The car of the future promises more safety: The networked vehicles of the future are set to respond to dangers at an early stage. Just how this can work is explained by Heiko Ehrich, head of the competence field of Electronic Systems & Car IT at TÜV NORD.
What does car-to-car communication actually mean?
Car-to-car communication is communication that takes place between vehicles – with the aim of sharing information that can be used for traffic control or to warn drivers of dangers. Here’s a possible scenario: On the motorway there’s been an accident or a traffic jam is building up. Vehicles in the immediate vicinity recognise this situation on the basis of their existing sensors and send the information to other vehicles in the area. Cars warned in this way can in turn respond immediately and, for example, alert the driver or calculate an alternative route. It gets more complicated with car-to-X communication, which also includes networking with infrastructure alongside communication between vehicles. A possibility here, for instance, is a smarter traffic light control system that adapts to the volume of traffic on the basis of the vehicle information collected.
When will networked cars become reality?
At the moment, appropriate communication technologies are being developed that will meet the needs of vehicle networking. A version of the Wi-Fi standard is earmarked for use here that will enable the construction of ad-hoc vehicle networks within a radius of several hundred metres. An involved vehicle will take over the function of a router that forwards the data received to other vehicles. For the realisation of extensive vehicle-to-infrastructure communication, Wi-Fi-based communication can be combined with mobile communications technology, like, for example, the UMTS technology that we know from our smartphones. At the latest once ‘eCall’, the automatic emergency call system for vehicles, becomes compulsory for new vehicles, every new car will be required to have a mobile telephony interface. This could give an extra boost to the introduction of car-to-car applications.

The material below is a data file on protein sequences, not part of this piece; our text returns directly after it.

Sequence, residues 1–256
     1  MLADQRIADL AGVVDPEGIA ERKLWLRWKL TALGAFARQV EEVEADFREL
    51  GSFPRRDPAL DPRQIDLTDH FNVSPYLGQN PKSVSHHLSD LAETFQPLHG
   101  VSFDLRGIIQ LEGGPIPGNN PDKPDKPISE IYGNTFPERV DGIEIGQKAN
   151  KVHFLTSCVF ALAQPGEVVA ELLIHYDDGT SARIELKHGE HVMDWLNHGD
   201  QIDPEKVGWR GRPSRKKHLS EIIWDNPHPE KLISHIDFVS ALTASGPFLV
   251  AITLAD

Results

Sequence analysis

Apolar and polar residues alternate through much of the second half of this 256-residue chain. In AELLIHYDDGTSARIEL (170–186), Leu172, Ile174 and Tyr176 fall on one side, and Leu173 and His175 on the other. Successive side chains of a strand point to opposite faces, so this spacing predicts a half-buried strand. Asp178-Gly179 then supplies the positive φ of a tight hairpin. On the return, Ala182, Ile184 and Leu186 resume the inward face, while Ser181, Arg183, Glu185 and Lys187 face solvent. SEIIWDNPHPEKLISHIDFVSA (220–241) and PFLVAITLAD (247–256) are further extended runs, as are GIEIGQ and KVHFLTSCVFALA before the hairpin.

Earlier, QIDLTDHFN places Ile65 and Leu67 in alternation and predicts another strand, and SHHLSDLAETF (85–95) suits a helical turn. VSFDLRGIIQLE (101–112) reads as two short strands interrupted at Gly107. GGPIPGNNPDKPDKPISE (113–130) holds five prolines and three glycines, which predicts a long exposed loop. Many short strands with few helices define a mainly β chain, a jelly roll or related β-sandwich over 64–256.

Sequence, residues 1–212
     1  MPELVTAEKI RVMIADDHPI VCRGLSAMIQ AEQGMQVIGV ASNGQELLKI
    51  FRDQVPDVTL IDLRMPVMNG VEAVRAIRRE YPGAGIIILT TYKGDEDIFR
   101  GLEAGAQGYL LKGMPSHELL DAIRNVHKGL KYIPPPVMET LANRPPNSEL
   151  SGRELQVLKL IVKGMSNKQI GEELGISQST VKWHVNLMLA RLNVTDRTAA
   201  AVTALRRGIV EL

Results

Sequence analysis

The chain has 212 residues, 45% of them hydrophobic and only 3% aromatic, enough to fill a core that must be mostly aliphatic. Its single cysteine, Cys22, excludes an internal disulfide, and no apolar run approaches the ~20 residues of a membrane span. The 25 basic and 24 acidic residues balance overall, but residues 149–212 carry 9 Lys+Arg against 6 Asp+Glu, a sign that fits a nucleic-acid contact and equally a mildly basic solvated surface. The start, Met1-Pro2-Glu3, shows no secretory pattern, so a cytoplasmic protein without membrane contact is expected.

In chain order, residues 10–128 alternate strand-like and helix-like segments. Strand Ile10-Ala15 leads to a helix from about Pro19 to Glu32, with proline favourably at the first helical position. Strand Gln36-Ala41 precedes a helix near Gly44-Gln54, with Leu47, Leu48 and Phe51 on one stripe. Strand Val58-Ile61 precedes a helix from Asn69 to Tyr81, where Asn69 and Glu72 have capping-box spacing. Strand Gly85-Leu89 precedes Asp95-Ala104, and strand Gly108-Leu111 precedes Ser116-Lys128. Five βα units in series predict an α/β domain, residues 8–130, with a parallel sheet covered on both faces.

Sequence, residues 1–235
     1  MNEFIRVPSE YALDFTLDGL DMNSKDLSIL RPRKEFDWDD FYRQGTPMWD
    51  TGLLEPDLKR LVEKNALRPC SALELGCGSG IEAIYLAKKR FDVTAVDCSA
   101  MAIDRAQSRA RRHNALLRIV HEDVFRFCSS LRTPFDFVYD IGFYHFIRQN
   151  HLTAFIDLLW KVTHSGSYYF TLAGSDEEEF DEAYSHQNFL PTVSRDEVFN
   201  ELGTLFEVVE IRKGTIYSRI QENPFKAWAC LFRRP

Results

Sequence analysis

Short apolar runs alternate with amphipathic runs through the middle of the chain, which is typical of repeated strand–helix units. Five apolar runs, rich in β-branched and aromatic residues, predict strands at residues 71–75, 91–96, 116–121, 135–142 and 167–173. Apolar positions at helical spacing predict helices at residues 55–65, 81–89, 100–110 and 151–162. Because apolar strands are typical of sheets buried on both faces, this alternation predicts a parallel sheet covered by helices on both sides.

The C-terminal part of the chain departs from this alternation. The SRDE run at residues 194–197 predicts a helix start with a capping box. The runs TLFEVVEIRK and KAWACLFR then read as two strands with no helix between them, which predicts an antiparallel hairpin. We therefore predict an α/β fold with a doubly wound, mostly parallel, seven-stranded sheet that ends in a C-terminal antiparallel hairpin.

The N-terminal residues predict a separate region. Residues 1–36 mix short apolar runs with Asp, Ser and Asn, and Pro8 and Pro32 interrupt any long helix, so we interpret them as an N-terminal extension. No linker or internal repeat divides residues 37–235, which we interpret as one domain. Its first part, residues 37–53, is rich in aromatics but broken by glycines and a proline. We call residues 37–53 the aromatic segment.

What is TÜV NORD calling for?
We’re focusing intensively on the issue of cyber-security in vehicles, since wireless interfaces with the outside world offer potential for hacker attacks. Through manipulation of the data exchanged, false information can be fed in which might significantly affect traffic flow and road safety. TÜV NORD is advocating the establishment of uniform standards for the development and evaluation of security systems in vehicles.
YOU MAY ALSO LIKE
ABOUT HEIKO EHRICH
© Udo Geisler
Heiko Ehrich is responsible at TÜV NORD for the competence field of Electronic Systems and Car IT. He and his colleagues test electronic systems in vehicles, such as controllers, networks and system components. The team also reviews concepts for possible vulnerabilities and looks for ways to improve them.
What Heiko Ehrich wants for the car of the future is for the level of security required for the networking of vehicles to be in place. New approaches to the interaction between driver and vehicle should also be developed to increase the user-friendliness of networked vehicles.